Nothing frustrates me more than agents that don't understand the importance of quality photos for their listings. So here is my best attempt at converting all of you sloppy picture takers into either budding photographers or agents that hire a professional photographer. First and foremost it is the pictures that drives your showings. Statistics show that more than 80% of buyers find their new home online. If they are not drawn to your listing through the pictures, they are not scheduling an appointment for a viewing. Staging is great but its biggest benefit is making your listing look compelling in the photos. VS
So what qualifies as a good or compelling photo? It really is not that difficult to take great pictures. It may however require a smidge more of your time than the snap and go approach.
1. Try to capture as much of the room as possible. Buyers are always looking for rooms that get lots of light, have a lot of windows, great architectural details, nice floors etc. I know that when a home is nicely staged you are compelled to simply showcase the beautiful bed in the pictures but that is not going to sell the house or drive showings. If you do not already have one, a camera with a wide angle lens can make a dramatic difference in your pictures. 2. Make sure your photos have the right light balance. Dark, underexposed or overexposed pictures are not going to help you get buyers to your listing. The good news is that you can adjust and correct the lighting with photo editing software like Photoshop. It is simple and just takes a few extra minutes. 3. Feel free to remove unattractive elements to take the picture and put them back later. I have had clients that refused to remove their kitty condos, kids toys, etc. But that did not stop me from sliding them out of the room to take pictures for the listing and then putting them back. 4. Take pictures on a sunny day if possible and turn on lamps in the rooms that you are photographing. Once you do this you will be amazed at the improvement in your pictures. Lamps especially cast a really inviting, warm light. 5. Make sure the outdoor photos are the right season. If it is the middle of the summer, buyers will be suspicious about snow-covered outdoor shots. What are they hiding, they will wonder. 6. Try taking the photos from many different angles in a room. I often find that photos taken of the room where the furniture is eye-level rather than being looked down on turn out great. Get creative, don't just shoot the room from the doorway. Step into a closet or a corner, take photos looking down from stairways. 7. Take a lot more photos than you think you need. I typically shoot 100+ photos of a home when I take pictures for a client. I never know what angle will look the best or which shot will be easy to edit with software later. It is easier to delete excess photos than it is to make another trip to reshoot the home.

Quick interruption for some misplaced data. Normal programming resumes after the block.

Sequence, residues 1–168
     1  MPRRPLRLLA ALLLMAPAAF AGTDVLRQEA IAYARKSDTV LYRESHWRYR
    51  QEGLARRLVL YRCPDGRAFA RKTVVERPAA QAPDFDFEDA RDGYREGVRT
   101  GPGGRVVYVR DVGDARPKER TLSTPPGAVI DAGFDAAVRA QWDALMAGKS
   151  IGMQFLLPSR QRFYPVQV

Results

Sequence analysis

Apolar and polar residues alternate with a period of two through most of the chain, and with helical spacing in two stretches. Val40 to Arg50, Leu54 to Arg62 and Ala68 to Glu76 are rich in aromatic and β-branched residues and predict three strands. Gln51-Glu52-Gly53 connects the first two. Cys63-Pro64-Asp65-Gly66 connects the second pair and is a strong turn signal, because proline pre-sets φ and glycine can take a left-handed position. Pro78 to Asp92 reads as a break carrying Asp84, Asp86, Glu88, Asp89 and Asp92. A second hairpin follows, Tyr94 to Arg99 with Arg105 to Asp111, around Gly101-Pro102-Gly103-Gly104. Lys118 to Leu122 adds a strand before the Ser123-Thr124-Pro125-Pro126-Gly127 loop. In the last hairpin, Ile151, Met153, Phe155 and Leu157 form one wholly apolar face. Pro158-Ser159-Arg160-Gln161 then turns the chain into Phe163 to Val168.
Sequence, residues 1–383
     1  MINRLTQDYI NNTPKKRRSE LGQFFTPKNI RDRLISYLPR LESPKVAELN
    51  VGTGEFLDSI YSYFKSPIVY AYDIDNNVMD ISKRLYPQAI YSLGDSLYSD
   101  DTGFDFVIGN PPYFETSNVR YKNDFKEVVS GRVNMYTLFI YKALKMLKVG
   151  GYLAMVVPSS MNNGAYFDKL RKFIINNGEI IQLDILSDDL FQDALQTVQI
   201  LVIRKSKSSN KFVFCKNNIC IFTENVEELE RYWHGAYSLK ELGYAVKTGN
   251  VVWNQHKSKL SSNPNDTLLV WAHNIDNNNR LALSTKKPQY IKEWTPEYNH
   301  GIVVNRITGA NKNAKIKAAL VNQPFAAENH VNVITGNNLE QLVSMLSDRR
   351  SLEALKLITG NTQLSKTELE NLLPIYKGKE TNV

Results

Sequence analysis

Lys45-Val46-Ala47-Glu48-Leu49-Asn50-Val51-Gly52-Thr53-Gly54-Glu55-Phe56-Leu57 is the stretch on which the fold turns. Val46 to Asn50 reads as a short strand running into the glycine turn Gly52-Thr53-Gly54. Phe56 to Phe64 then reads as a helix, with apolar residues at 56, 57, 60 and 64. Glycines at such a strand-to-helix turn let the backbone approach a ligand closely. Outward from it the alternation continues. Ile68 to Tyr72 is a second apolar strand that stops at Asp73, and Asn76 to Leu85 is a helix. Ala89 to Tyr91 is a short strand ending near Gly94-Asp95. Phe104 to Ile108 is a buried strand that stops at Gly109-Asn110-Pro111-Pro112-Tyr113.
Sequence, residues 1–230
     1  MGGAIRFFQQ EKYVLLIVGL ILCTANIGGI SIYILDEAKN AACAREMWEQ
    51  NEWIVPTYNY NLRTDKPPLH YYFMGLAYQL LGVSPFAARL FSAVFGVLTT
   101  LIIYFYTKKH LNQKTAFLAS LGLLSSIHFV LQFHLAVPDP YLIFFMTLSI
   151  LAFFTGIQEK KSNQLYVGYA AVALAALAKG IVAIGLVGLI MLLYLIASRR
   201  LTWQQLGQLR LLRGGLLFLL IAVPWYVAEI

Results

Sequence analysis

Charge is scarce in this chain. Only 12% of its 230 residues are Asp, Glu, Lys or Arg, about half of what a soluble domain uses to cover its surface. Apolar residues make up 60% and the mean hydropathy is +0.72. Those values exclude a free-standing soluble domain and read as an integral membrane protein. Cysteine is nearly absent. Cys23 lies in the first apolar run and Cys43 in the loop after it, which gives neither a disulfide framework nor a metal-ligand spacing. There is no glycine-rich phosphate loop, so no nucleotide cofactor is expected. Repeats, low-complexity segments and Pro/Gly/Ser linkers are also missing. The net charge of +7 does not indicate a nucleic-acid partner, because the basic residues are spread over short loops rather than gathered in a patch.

Hopefully, this not only inspires you to take better pictures but gives you some empowering tips to make it happen.